Copyright infringement is just that, infringement. Not theft. If an individual downloads a movie, nothing is technically lost. If the individual steals a DVD, actual loss occurs. Pretty simple, the difference is obvious. Even if nobody watches the DVD, it is still gone. Even if the person went to the theater, the DVD is still gone. I’m not saying infringement is okay, but it is clearly different.

Is infringement a loss? This is a huge grey area. Sure, sometimes it is. If someone gets it for free, maybe then they won’t go to the theater or buy the DVD. This would be a loss. But maybe they wouldn’t have done so anyway, so nothing is really lost. And in some cases, it results in a sale.

A lot of crap comes out these days, and I know for a fact that *some* people do use downloads as a preview, and will still buy DVDs even though they had it downloaded for free. Is it right that they do this? Is it right that they pay good money for crap?

I think a lot of “true losses” to Hollywood are more than compensated for by the “true losses” of the customers who pay to see some of the turds the movie industry puts on the screen.

bort says:

no one to my knowledge advocating piracy or more so, advocating the way copyright laws apply to the individual, is a proponent of publicly broadcasting for the sake of turning a profit. unless you want to see being entertained as a form of profit for the individual. i’m sure many of you milton friedman worshipers would love to find a method for such a thing.

the majority of copyright advocates have drawn a line in the sand, based on words written for another time in an ever changing book. things have changed. the holes in the ship that used to be acceptable are now causing it to sink. taking a hard line is not an option as the current ship is no longer a viable vessel in this reality. the new ship must now properly address human needs, and behavior, not try to control them or destroy behavior it deems unacceptable within it’s vision. If it’s construction yields to the dinosaur architects of the past it will find itself yet again sinking in the not too distant future.

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Anonymous Coward says:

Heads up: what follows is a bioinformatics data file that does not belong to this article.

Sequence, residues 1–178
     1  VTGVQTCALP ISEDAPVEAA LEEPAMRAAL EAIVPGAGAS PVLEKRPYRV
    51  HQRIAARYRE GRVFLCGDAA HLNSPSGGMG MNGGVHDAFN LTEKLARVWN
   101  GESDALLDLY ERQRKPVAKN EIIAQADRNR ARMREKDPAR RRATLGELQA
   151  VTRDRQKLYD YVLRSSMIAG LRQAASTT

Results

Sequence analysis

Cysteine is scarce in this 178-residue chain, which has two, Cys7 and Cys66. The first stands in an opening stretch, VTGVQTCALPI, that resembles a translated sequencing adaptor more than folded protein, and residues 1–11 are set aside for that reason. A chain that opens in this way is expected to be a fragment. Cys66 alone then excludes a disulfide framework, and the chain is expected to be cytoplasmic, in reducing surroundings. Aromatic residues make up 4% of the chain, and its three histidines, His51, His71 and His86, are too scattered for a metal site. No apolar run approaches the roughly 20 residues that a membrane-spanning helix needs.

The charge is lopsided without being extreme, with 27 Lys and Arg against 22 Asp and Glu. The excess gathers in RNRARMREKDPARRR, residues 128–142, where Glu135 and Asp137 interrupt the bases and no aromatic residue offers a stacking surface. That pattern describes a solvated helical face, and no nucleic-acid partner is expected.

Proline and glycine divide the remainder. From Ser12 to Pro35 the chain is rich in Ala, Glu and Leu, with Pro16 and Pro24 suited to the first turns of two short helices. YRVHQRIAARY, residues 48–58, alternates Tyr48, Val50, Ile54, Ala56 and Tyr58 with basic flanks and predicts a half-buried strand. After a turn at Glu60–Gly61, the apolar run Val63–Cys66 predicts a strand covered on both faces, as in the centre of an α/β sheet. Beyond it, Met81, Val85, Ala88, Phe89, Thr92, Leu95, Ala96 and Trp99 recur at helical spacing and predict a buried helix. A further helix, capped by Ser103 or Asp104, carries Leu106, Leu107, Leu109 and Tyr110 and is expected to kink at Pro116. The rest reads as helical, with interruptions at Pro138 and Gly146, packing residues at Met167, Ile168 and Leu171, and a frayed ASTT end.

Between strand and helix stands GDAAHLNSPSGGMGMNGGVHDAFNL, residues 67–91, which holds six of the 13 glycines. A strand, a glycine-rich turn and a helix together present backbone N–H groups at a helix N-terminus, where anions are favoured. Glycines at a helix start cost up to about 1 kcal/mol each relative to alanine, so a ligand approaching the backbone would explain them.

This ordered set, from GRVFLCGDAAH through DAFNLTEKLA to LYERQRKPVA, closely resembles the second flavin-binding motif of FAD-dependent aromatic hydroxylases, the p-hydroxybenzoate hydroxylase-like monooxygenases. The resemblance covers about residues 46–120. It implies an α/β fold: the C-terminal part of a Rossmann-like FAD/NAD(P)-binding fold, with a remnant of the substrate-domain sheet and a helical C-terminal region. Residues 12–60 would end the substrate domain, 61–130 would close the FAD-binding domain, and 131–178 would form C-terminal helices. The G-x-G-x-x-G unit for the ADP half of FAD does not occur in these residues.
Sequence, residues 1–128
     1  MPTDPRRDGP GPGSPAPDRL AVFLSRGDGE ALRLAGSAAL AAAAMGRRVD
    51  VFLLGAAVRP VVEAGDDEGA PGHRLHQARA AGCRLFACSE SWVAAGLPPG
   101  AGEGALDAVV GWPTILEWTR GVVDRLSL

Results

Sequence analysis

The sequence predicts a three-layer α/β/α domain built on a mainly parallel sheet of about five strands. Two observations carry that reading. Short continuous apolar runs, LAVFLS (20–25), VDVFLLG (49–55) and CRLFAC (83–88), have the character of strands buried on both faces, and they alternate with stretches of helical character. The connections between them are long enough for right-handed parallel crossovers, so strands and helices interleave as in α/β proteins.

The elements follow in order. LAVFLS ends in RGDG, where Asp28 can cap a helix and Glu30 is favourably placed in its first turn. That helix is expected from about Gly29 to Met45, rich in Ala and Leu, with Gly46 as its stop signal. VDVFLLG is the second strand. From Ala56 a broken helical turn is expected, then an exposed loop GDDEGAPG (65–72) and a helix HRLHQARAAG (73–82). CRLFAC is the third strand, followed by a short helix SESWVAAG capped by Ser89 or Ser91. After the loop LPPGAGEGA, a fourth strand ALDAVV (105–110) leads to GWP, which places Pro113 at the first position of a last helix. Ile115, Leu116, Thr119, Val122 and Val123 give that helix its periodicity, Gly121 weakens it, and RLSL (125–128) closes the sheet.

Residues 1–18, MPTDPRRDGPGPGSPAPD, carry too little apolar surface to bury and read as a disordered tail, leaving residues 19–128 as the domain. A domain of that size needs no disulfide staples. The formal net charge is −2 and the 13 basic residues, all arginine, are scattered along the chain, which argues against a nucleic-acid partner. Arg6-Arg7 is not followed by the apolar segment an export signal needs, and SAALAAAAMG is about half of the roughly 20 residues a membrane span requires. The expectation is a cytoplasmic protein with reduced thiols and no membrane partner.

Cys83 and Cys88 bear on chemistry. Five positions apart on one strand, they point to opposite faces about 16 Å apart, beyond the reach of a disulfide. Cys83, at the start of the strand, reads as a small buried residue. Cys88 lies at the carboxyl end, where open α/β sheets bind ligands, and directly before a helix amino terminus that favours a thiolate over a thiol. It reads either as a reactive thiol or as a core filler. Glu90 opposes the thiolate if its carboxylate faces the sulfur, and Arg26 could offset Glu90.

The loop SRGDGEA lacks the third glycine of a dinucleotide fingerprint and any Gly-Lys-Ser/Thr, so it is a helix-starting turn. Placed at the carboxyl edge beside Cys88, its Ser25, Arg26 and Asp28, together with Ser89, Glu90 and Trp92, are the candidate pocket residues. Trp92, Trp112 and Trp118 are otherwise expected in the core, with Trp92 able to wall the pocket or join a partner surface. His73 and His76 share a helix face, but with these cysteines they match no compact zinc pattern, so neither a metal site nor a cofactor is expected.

Totally agree with Mike on this one. I wait with bated breath for the movie to be released for over a year, then watched it on the very first day, then held off from downloading cam/TS/R5 copies because I couldn’t stand watching a dark jittery piece of trash (esp. after watching it in the theatre), then downloaded a Bluray rip and now have ordered my very own copy that should be arriving sometime tomorrow. Yay! 🙂

Debby (user link) says:

Microsoft is preparing 55 legal actions worldwide against sellers on auction sites who are hawking illegal copies of the company’s software, the company said today.
The actions are a mix of lawsuits and criminal complaints, said Jean-Christophe Le Toquin, a Microsoft attorney for Europe, the Middle East, and Africa region. Microsoft has or will file 34 actions in Europe including Germany, France, Poland, Belgium, the UK, and the Netherlands.
The company will seek prison terms for high-volume sellers and fines for less flagrant violations, Le Toquin said.

Anonymous Coward says:

The Dark Knight was released on DVD and Blu-ray Disc in North America on December 9, 2008. In the United Kingdom, the film had combined sales of 513,000 units on its first day of release, of which 107,730 (21%) were Blu-ray Discs, the highest number of first-day Blu-ray Discs sold. In the United States, The Dark Knight set a sales record for most DVDs sold in one day, selling 3 million units on its first day of release – 600,000 of which were Blu-ray Discs
The Dark Knight was ranked the 15th greatest film in history on Empire’s 2008 list of the “500 Greatest Movies of All Time,” based upon the weighted votes of 10,000 readers, 150 film directors, and 50 key film critics. Heath Ledger’s interpretation of the Joker was also ranked number three on Empire’s 2008 list of the “100 Greatest Movie Characters of All Time.
Thus, the Dark Knight was quite a success, bringing significant profit to its creators. To learn more about financial operations click here: payday lending

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poker online (user link) says:


This obviously doesn?t excuse piracy at all and I?m sure the movie studios would burn me at the stake before admitting piracy seemed to have no effect on the viability of The Dark Knight at the box office.

Maybe if the movie studios dedicated more time, money, and resources to making the best films they could, and ones people actually wanted to see, rather than chasing Internet pirates, Hollywood wouldn?t be in the mess it currently is.

Negoita, CEO at pokerstars

Josh (user link) says:

I disagree

I think the movie was just simply popular. People didn’t see it in the theater because they saw a pirated version first. I think the opposite happened. They saw it in the theater and then wanted to see it again when they got home. What this hurts is not theater sales but rather dvd or blu-ray sales. Any way that is just my 2 cents. Interesting point regardless!

Josh from Atlanta Insurance